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Triazolium ionic liquid crystals as structured electrolytes and membranes

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  • Full or part time
    Prof D W Bruce
    Dr J Slattery
  • Application Deadline
    Wednesday, January 09, 2019

Project Description

Ionic liquids (ILs) are molten salts with melting temperatures <100 °C. They have received much attention over the last ten years or so because of their interesting, and sometimes unique, combination of physical properties and because of their wide range of potential applications: e.g. from potentially green solvent systems to electrolytes in batteries and solar cells, and in biomass processing. An intriguing aspect of ILs is the fact that many display nano-scale ordering, driven by the phase separation of polar (ionic) and non-polar (aliphatic) parts of the constituent ions. Careful design of the constituent IL ions can then lead to materials displaying liquid-crystalline mesophases and there is scope for the formation of other self-organised structures (e.g. micelles). The ability to control self-organisation in ILs offers huge potential to tune their properties and may allow ILs to be used as liquid nano-reactors, as 1D- or 2D-conducting electrolytes or in gas storage/separation.

The present project capitalises on the design of new ionic liquid crystals (Chem. Commun. 2018, 54, 9965) based on a 1,2,4-triazolium cation that contains a perfluorocarbon chain in addition to hydrocarbon chains (the figure opposite shows a schematic diagram illustrating the overall design).. Having established the feasibility of this approach, we now seek to develop the chemistry, in collaboration with the group of Pace and Pibiri in Palermo, Italy, to the preparation of materials with potential applications as anisotropic electrolyes, membrane materials and solvents for chemical reactions.
The overall chemical structure of the target systems is given alongside. The nature of the chemistry requires to incorporation of the perfluorocarbon chains on the triazolium ring and elaboration is achieved by R1 to R3 as well as anion X (e.g. OTf, CnH2n+1OSO3, Tf2N, BF4). Use of polymerizable units at the end of chains reveals the possibility of polymerising the compounds while in the liquid crystal phase, this leading to membrane materials whose properties (e.g. conductivity, oxygen permeability) will be controlled through the nature of the monomer.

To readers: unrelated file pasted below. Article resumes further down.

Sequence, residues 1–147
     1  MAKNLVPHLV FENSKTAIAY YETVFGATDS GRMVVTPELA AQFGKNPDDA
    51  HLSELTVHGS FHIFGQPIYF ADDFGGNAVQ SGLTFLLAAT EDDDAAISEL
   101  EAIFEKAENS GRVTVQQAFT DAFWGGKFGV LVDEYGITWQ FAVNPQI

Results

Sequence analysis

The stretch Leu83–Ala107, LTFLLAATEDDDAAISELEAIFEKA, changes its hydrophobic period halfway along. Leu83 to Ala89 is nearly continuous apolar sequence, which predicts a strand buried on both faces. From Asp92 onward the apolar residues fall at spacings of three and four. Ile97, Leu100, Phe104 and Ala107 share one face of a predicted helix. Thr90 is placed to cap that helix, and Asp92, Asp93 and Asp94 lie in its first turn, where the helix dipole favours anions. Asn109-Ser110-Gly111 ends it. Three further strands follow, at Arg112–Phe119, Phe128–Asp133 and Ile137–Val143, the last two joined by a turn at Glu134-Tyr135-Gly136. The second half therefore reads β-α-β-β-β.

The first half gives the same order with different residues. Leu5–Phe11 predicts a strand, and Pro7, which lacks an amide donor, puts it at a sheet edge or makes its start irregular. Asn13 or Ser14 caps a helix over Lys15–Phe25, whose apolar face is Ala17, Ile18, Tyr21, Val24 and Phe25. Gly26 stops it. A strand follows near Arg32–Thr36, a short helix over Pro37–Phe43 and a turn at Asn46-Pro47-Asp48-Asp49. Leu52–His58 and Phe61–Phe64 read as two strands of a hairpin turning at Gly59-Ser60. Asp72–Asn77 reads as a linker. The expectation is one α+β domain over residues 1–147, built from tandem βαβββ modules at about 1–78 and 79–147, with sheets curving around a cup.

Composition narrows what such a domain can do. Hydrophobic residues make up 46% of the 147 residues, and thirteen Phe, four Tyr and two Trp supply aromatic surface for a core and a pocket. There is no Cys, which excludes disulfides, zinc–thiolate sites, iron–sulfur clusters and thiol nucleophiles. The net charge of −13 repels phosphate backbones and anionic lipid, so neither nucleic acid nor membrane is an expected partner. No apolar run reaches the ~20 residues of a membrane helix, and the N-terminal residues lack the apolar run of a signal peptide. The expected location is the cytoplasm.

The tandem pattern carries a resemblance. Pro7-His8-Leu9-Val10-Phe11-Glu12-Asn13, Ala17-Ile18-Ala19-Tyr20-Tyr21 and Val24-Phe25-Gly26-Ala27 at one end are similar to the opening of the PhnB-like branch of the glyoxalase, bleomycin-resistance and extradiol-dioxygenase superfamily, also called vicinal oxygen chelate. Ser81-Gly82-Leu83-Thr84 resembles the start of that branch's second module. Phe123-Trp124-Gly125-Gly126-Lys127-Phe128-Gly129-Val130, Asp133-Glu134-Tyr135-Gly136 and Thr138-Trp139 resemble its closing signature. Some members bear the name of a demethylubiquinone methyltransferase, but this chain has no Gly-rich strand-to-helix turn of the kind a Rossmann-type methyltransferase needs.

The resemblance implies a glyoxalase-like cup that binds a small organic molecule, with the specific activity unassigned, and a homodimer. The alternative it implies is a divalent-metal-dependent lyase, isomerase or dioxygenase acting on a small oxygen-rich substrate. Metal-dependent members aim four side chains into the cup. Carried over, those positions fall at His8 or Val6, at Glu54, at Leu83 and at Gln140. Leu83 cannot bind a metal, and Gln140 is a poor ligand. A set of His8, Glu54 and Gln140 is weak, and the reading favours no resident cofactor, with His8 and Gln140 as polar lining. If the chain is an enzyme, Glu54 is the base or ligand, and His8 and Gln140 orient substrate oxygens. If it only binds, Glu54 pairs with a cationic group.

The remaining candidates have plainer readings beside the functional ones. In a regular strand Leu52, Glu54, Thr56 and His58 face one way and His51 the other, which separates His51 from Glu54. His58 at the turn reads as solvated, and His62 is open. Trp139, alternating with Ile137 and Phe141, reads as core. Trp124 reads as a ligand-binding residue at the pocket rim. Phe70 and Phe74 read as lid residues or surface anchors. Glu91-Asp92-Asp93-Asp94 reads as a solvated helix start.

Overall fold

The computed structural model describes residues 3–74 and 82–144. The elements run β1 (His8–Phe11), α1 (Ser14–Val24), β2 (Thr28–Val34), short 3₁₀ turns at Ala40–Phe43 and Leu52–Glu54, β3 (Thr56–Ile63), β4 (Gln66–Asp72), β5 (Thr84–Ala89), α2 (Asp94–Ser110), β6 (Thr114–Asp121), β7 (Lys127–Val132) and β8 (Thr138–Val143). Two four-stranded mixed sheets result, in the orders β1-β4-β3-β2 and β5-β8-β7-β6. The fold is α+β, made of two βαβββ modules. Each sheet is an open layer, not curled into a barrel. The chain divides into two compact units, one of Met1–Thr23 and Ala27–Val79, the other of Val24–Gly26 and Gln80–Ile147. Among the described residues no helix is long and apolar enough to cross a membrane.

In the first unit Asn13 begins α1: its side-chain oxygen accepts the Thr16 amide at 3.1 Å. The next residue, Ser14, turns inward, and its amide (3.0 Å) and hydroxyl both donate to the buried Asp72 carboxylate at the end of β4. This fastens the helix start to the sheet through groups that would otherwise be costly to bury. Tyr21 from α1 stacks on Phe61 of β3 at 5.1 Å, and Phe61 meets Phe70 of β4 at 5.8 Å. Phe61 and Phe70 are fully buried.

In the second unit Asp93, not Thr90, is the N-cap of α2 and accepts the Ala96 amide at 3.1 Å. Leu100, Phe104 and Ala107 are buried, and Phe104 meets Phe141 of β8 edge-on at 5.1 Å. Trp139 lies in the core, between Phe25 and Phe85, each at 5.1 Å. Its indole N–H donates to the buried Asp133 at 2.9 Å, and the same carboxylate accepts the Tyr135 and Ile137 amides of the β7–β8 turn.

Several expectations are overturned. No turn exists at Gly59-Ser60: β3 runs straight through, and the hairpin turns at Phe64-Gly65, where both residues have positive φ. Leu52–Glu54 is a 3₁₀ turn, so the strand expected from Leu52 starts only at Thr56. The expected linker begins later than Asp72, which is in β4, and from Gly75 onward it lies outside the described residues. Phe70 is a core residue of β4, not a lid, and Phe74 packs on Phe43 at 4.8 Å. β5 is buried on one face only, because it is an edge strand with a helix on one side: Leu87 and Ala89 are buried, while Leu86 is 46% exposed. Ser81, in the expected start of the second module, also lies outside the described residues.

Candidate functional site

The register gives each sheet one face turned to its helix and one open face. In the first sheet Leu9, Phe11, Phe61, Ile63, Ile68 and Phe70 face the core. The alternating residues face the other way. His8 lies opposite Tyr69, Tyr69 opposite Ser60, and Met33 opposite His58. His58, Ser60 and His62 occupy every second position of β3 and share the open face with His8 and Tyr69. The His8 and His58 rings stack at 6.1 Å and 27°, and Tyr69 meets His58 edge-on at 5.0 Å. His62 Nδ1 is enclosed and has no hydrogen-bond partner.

The project offers the chance to work in a collaborative fashion between the Bruce and Slattery groups with their expertise in liquid crystals and ionic liquids, respectively. The work is also part of a collaboration with Pace and Pibiri in Palermo, Italy, and 18 months of the project will be spent working there with them. It is a truly multidisciplinary and multinational project (collaboration is likely also with groups in Portugal and Australia) and the student undertaking this work will receive a truly broad-based training.

All research students follow our innovative Doctoral Training in Chemistry (iDTC): cohort-based training to support the development of scientific, transferable and employability skills. All research students take the core training package which provides both a grounding in the skills required for their research, and transferable skills to enhance employability opportunities following graduation. Core training is progressive and takes place at appropriate points throughout a student’s higher degree programme, with the majority of training taking place in Year 1. In conjunction with the Core training, students, in consultation with their supervisor(s), select training related to the area of their research.